The Postsecular Imagination: Postcolonialism, Religion, and Literature
New York: Routledge, 2013; pbk. 2014
by Manav Ratti

“Provocative and arresting, this is a work of subtle imagination and searching intellect. It is finely written, scrupulously researched and persuasively argued—very much of its times. I look forward to what Manav Ratti next has to say.”
Elleke Boehmer, Professor of World Literature in English, Oxford University 

“one of three important monographs that signal a postsecular turn in postcolonial theory and criticism”
Graham Huggan, Professor of English, University of LeedsModern Fiction Studies
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“Most recent writings on the crisis of secularism have tried to fix the flaws in the dominant idea of secularism and come out with a modified version that would withstand the test of real-life politics today. Manav Ratti, not convinced that a retooled version of secularism by itself will be our saviour, has chosen to do the groundwork for those forced to enter the postsecular world. This book is a major contribution that just cannot be ignored.”
Ashis Nandy, Centre for the Study of Developing Societies, New Delhi

The Postsecular Imagination by Manav Ratti is an important book and it has come to us at a time of great need. It is clear, concise, and full of insights that will help us navigate a world all too often polarized by cynicism and half-truths. His presentation to a full house of inquisitive minds was one of the highlights of the past number of years and we cannot say enough about Manav Ratti's charm and poise in front of an audience. The Postsecular Imagination deserves a huge audience."
Neil Wilson, Founding Director, Ottawa International Writers Festival 
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“The originality of Ratti's book resides in dealing with literary works as temporal products in which secular tenets have an impact on belief systems, while still recognizing the relevance of the latter. It shares much in common with Saba Mahmood's Politics of Piety (2005), Achilles Mbembe's On the Postcolony (2001), and Talal Asad's Formations of the Secular (2003). Recommended.”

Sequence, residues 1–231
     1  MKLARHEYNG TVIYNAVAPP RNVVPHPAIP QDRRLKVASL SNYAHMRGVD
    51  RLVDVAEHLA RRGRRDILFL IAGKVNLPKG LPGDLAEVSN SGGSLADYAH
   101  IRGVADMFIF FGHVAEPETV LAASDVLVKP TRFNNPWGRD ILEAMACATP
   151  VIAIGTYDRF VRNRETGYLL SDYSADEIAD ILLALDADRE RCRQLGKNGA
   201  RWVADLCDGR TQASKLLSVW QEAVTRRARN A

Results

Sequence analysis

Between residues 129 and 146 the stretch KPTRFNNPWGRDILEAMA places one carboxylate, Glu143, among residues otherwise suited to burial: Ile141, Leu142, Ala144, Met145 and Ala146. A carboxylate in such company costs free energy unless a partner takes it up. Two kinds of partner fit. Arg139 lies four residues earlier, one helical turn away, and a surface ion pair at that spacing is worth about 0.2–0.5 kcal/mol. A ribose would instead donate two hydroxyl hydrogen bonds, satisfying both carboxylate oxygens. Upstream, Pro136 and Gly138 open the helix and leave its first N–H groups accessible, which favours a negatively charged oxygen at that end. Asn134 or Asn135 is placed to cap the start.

— Choice
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“one of the most wide-ranging studies of postsecularism with particular attention to the field of literature”
Anthony Paul SmithReading the Abrahamic Faiths

“Dr. Manav Ratti’s assessment of the postsecular imagination as reflected in some well-known literary works of recent decades is a highly readable book, a denouement of conflicts between conduct out of faith on one hand and claims of pragmatism and evolved rationalism on the other. Steering clear of both downright rejection or enthusiastic assertion of ideas and events under focus, the work exemplifies a calm objective approach to issues. The content apart, the style is irresistible, a welcome academic exercise in recent times.”
Manoj Das, author of The Submerged Valley and Other Stories

“Written evocatively, this book is an interdisciplinary work useful to those interested in literary criticism, postcolonialism, and socio-political theory. The Postsecular Imagination is a scholarly attempt to resuscitate enchantment in this world. Given the unforgiving rationalism of the modern secular state, and the violence of organized religion, Manav Ratti deems the binary of religion versus secularism as having practically failed and as being conceptually inadequate. The book then is a search for an imagination beyond these binaries.  [. . .]  Within the spectrum of postsecular discourse, the author takes a balanced, centrist position.  [. . .]  This book deserves to be closely read, in text and in spirit.”
The Hindu
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“A nuanced analysis of how literature is capable of generating new ways of interpreting the limits of religion and secularism  [. . .] . Ratti’s book is a success and important reading for those interested in secularism, religion, postsecularism and postcolonial theory. The text is well-written, carefully argued and full of insights into the rewards found in pursuing such unstable ideas like postsecularism, and the ability of literature to explore such new horizons.  [. . .]  [the] illustration of [the] indeterminacy and creativity associated with [postsecularism] is one of the many strengths of the book.”